As far as mission selection goes, it’s mostly up to you which order you want to approach them. There will be instances where only one mission is available to push the story forward, but it will mostly be based on choices. Certain story missions will require you to make a clear choice between two options, locking the other out and dealing with the consequences of your choice. Missions that are not critical to the main story will never expire or be locked out so you’re free to play most of them the first time through.
Now, let’s talk missions.
In one mission, I was tasked by a doctor broadcasting a distress signal with escorting members of a research team to a nearby space station so they could evacuate before the Zerg infestation overran their facility. I was given control of a base with a Command Center, Barracks, and a few Supply Depots. Getting the economy going and building an army was left up to me. The new unit for the mission? The Firebat, useful for dealing with the swarms of Zerglings awaiting me on the dangerous pathway to the space station. I’m given two potential strategies for safely escorting the civilians by some dialogue. Option one is the most straight-forward: build any army and protect the transport vehicles, escorting it the entire way. Option two: repairing and loading up the damaged bunkers that line the road, building new ones to supplement the defenses.
I opted to build a large army because I wanted to explore the rest of the map between transport runs. Before the mission, I was tasked with locating hidden Zerg chrysalises for a research project that would eventually improve my infantry. All of the missions I played contained bonus objectives like this. Beyond that, the mission was fairly easy. I was playing on normal and my skills from the multiplayer game resulted in a massive army of around 125 units. The Zerg were easily dispatched. Dustin Browder later suggested I try a harder difficulty. Each mission also contains several achievements, which will tie into Battle.net 2.0 and aggregate with any World of WarCraft achievements you might have. All future Blizzard titles, including Diablo III, will include achievements.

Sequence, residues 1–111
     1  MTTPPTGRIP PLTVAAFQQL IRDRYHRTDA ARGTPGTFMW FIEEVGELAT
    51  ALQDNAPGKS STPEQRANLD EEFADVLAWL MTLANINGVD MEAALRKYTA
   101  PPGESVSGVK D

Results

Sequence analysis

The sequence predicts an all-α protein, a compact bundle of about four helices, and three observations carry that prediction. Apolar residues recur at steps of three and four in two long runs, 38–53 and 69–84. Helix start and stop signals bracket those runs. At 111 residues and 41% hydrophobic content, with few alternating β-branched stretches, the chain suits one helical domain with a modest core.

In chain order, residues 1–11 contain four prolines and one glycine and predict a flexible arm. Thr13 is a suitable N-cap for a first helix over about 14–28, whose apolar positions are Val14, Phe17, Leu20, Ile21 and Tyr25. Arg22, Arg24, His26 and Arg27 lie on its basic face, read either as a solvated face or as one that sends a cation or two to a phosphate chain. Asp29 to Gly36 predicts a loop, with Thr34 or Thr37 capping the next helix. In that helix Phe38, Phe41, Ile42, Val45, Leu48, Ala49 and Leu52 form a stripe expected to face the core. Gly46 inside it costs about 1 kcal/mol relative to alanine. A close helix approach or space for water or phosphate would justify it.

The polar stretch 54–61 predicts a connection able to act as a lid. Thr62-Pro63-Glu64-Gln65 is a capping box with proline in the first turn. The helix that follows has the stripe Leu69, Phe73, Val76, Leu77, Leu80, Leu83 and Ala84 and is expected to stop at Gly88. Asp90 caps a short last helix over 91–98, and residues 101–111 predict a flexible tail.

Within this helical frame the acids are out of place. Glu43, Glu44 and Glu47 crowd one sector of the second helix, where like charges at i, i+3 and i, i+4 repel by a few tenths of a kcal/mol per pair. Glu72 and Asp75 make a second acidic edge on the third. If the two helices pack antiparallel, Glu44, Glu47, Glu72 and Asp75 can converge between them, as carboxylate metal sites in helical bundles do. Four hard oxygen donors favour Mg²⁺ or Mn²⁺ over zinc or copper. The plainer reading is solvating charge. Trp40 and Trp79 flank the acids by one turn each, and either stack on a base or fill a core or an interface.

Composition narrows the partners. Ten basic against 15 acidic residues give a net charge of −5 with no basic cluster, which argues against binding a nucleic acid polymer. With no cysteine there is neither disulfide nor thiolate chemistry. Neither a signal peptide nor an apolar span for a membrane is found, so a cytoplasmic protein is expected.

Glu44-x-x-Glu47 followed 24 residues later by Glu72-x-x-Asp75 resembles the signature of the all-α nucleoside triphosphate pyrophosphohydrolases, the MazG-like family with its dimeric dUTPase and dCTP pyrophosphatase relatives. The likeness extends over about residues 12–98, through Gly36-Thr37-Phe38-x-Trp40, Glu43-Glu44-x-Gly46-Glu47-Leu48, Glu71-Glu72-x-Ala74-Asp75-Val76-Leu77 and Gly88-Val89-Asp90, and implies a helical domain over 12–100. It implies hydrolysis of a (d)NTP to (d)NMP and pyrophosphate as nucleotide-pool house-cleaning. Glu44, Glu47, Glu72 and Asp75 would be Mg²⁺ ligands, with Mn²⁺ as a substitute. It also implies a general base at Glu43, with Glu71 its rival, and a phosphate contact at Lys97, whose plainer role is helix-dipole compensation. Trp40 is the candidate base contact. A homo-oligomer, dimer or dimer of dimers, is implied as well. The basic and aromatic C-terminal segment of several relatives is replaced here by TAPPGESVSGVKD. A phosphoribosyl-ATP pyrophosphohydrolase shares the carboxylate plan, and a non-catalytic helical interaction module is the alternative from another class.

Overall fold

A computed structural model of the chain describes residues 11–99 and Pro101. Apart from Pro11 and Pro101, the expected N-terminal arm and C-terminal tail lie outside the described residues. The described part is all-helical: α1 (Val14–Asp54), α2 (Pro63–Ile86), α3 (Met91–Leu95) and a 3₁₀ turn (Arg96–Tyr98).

After completing the mission, the doctor could be found aboard the Battlecruiser and could be spoken to for more information. Later, she offered up another mission relating to the first one, which had me destroying Zerg-infested buildings near a colony. Tychus brings less morally clear missions to the table that could include stealing Protoss technology to sell it or helping mercenaries mine high-yield minerals on a volcanic planet.
Sadly, the demo ended after a few missions. Luckily, the game’s skirmish mode was still enabled and I was able to spend a few hours playing against the AI in the multiplayer game. I didn’t notice anything majorly different from the build I played in late June, but it was good to play some more multiplayer, even if it was against the AI.
The singleplayer campaign is structured closer to what you have experienced in Relic’s Dawn of War II, but the games are completely different. As a giant StarCraft fan, I may be a bit biased, but this is a Blizzard game through and through. The quality and polish are there, even in this pre-release state. I’m sure it’ll be on my list of potential games of the year for whatever year it releases, as well.